Welcome to our crash course on how to 3D print with PETG. PETG is one of the more popular materials that is used in 3D printing, mainly because it's relatively low cost. It is also almost as easy to print with as PLA but not quite. It has its own challenges attached to it that we are going to troubleshoot and share our solutions with you.
The first thing to know about PETG is, it is as mechanically durable as ABS and it is more thermally resistant than PLA. It will not melt inside of a hot car but it may possibly start to get soft a little bit inside of a super hot car in Arizona. You can make most cup holders and phone stands and that kind of thing out of PETG and have it be reliable. However if it's going to be in a super hot ambient temperature it doesn't always hold up perfectly.
One of the most common concerns that people have with PETG is that it has a lot of stringing inside of overhangs and moving from tower to tower. An overhang in 3D printing is when a piece of the design juts out over the side of the main part of the print. An example of this can be found with our Bubonic Plague Doctor design; the brim of his hat would be an overhang. A tower in 3D printing is when there is a small vertical part of the print that towers over a print. This can be seen in our Batman Headphone Stand with the two Batman ears. Maneuvering these types of prints can be hard when printing with PETG. Most of the time this is because either your PETG is wet or you don't have your retraction settings tuned just right.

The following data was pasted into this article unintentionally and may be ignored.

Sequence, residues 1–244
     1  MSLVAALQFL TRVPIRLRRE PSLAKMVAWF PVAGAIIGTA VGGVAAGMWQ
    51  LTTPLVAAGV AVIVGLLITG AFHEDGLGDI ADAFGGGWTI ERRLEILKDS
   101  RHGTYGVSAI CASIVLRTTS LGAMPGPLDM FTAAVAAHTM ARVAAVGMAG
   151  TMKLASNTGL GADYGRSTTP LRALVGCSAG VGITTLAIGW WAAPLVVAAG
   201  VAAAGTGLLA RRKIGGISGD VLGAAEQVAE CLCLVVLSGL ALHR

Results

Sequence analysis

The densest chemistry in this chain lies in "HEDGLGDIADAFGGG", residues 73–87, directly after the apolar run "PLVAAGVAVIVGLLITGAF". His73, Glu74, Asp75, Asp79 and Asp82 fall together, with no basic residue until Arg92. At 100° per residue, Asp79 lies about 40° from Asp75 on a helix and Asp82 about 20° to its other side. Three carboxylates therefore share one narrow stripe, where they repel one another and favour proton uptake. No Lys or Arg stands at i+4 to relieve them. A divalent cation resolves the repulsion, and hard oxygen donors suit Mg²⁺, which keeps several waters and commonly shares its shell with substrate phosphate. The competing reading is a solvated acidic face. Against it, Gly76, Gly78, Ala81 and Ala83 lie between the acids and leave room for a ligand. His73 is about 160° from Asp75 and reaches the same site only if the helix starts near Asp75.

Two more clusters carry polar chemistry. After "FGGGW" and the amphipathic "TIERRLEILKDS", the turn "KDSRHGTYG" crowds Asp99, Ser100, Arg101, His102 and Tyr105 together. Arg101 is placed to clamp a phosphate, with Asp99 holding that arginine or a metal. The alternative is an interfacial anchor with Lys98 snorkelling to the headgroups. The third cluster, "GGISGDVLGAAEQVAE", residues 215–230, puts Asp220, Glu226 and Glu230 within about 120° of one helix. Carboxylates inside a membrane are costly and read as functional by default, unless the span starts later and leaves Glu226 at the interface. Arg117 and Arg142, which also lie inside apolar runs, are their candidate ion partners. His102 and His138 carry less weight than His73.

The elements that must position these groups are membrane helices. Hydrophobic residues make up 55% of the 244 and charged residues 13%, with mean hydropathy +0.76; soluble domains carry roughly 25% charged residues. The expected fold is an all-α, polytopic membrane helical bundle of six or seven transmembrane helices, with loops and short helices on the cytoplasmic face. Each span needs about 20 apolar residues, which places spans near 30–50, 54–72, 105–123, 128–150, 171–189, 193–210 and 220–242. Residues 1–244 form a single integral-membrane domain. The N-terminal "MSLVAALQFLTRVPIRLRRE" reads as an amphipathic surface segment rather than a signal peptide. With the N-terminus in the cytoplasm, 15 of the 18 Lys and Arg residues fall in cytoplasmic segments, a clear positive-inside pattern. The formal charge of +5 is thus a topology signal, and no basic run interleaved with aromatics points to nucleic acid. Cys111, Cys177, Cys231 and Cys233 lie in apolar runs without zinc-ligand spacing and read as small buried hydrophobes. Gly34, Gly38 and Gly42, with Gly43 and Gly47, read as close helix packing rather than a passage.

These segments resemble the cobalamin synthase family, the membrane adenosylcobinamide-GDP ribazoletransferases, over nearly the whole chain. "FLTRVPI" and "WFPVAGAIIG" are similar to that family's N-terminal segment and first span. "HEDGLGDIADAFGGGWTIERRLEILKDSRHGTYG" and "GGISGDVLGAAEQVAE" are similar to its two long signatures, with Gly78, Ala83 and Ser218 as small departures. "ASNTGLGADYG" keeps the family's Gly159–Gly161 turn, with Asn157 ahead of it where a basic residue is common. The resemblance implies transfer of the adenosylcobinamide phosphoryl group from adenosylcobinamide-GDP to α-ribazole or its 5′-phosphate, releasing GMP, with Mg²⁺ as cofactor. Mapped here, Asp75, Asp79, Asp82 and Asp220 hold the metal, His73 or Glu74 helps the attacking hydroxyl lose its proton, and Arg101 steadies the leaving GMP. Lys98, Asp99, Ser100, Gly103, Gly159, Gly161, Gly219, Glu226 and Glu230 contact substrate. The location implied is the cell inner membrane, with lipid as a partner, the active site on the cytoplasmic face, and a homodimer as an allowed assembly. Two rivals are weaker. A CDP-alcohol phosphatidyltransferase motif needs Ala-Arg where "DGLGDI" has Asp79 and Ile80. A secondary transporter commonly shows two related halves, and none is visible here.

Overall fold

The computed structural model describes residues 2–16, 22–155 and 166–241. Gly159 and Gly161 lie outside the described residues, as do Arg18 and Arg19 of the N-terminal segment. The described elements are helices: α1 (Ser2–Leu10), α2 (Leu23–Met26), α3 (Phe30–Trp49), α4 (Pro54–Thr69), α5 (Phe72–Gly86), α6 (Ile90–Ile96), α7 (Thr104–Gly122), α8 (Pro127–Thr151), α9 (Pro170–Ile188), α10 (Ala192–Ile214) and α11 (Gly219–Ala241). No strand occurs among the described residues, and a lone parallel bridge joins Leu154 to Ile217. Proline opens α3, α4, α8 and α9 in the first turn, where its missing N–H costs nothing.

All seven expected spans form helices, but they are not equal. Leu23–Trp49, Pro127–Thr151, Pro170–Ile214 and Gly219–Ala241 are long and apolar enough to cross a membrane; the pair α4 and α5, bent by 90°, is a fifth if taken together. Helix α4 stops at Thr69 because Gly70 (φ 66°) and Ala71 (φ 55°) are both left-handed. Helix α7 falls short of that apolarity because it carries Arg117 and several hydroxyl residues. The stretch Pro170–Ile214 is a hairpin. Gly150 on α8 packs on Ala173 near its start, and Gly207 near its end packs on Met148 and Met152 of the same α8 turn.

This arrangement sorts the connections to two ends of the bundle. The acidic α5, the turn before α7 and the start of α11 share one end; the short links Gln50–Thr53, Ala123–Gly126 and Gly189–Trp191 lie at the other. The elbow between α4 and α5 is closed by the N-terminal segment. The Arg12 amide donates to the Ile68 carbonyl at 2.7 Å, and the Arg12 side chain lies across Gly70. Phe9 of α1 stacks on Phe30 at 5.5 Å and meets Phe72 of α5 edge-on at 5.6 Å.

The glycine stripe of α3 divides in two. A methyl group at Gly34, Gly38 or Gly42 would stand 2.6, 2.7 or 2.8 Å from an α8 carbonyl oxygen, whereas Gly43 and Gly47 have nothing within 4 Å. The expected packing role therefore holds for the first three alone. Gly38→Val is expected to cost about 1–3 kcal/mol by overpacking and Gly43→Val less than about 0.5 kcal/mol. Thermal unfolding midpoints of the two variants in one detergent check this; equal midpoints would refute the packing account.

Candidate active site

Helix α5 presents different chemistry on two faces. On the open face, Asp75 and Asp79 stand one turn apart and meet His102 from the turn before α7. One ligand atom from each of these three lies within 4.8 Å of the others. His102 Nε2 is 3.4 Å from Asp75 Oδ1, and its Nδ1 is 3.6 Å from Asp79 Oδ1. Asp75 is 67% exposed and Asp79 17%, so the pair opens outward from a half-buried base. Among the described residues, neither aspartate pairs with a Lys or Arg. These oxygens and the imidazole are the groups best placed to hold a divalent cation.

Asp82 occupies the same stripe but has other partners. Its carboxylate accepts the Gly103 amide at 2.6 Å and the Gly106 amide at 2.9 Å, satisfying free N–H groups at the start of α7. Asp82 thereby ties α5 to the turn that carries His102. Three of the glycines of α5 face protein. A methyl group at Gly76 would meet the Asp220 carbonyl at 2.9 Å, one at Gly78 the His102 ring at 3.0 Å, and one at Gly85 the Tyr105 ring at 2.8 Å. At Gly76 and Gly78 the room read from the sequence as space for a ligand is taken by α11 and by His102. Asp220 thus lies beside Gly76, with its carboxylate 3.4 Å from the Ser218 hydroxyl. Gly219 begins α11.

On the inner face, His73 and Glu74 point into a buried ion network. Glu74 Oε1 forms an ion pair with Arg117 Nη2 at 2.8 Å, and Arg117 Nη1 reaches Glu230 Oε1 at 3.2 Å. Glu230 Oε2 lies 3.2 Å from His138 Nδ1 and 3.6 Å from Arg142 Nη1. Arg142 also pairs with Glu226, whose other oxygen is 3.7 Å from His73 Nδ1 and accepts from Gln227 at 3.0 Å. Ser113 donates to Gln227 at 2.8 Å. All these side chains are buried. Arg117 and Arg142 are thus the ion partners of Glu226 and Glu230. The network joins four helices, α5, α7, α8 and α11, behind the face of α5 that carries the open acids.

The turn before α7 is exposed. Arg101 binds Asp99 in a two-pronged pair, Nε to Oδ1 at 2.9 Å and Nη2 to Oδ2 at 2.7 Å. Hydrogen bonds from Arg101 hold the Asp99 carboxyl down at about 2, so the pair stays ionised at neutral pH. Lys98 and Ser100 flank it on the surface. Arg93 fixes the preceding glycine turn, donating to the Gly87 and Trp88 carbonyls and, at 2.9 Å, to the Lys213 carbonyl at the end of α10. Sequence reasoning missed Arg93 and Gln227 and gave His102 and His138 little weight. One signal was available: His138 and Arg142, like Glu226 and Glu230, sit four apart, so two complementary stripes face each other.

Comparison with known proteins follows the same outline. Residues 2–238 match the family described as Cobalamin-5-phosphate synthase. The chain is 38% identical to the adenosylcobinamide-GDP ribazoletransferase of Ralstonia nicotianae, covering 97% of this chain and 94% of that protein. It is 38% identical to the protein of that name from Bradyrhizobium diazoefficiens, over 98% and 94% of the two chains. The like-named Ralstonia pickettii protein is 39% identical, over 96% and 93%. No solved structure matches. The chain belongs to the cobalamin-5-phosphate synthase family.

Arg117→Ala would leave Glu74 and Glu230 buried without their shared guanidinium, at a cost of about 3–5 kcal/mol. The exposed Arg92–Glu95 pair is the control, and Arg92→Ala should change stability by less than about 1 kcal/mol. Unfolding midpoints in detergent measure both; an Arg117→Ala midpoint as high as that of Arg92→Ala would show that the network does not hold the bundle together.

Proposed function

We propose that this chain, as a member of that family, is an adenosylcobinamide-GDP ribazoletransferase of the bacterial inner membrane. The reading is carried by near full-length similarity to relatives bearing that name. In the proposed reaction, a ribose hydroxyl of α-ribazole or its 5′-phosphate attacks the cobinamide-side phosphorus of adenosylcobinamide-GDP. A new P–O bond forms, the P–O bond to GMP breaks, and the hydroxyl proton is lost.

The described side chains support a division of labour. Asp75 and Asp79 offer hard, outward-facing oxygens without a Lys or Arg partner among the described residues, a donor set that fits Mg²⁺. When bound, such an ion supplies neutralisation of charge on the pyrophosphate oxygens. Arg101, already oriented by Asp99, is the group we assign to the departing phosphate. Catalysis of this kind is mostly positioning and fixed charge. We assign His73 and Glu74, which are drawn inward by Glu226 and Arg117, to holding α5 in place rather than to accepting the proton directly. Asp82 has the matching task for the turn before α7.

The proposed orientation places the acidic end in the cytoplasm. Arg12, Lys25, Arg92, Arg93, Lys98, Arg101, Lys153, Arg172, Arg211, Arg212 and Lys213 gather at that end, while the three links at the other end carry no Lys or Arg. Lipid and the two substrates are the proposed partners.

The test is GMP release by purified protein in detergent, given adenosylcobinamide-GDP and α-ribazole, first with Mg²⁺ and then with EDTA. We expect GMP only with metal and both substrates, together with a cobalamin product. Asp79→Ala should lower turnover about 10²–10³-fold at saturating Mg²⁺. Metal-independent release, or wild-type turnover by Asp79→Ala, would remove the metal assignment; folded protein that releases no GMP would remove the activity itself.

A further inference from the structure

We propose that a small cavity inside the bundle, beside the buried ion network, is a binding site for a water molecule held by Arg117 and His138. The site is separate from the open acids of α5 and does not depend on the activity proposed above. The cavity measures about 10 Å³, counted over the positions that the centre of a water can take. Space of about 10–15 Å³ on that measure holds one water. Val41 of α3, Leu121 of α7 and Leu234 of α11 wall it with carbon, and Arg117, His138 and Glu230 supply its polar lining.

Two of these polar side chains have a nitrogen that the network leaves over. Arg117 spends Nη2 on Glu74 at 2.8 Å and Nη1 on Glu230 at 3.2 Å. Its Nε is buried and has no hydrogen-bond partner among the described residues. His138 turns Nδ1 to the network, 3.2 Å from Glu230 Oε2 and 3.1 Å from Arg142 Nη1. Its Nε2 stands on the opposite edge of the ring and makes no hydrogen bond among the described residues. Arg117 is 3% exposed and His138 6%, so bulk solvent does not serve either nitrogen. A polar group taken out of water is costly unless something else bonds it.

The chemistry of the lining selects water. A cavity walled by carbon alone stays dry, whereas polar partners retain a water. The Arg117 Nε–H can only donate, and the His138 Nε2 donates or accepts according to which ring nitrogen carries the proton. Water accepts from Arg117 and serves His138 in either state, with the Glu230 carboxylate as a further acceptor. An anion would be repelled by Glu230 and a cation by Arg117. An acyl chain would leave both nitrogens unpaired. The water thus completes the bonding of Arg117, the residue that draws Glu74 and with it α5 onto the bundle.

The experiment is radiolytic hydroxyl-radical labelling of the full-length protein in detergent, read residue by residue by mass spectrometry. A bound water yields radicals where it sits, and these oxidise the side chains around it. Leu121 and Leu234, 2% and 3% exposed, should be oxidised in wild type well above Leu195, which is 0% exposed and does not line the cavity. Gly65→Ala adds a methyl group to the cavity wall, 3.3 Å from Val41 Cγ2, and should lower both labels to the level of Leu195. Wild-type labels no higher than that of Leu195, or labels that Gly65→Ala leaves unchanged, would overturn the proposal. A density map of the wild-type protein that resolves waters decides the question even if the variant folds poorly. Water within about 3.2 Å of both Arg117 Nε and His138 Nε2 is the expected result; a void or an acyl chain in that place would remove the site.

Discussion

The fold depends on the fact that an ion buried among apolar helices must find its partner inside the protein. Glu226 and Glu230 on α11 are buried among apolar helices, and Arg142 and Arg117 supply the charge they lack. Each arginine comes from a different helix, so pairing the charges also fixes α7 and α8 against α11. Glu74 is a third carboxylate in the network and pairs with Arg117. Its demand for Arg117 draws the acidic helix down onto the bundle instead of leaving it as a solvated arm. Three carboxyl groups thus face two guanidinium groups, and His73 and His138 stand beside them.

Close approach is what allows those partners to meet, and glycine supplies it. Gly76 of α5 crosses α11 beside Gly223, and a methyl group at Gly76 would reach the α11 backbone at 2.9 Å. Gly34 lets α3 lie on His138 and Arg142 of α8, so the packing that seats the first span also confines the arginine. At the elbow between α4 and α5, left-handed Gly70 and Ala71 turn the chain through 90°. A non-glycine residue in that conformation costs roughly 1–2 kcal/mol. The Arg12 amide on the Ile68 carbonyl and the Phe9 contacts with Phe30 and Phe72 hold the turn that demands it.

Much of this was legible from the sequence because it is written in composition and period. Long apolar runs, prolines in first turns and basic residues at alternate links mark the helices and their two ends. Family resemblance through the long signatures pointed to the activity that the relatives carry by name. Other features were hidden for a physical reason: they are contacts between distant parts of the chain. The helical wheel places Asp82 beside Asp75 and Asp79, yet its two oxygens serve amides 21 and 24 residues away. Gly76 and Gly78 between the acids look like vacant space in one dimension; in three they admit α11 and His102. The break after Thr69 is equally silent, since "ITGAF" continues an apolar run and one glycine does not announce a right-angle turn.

Make sure that your temperature is high, between about 235° to 245° is optimal. Also make sure that your traction moves are quick around 90 millimeters per second minimum and make sure that your retraction is well equivalent to your printer, depending on what you're using (a bowden or a direct drive). Those are the main kinds of settings to help eliminate strain.
As far as bed materials, PETG works well with PEI sheets, and with glass beds. Make sure that your glass bed is very clean. A lot of people like to wash with alcohol, we recommend just underneath tap water. You can rub it with your hand until you feel the glass start to get a little bit tacky. That will create a good stick. You can even wash your bed in a dishwasher and that will work pretty well also.
To summarize, PETG is a good durable material with pretty good thermal resistance.
Just make sure that your cooling fan isn't turned on so the layers stick together well and make sure that your retraction moves are all tuned and quick so that you don't have much strain.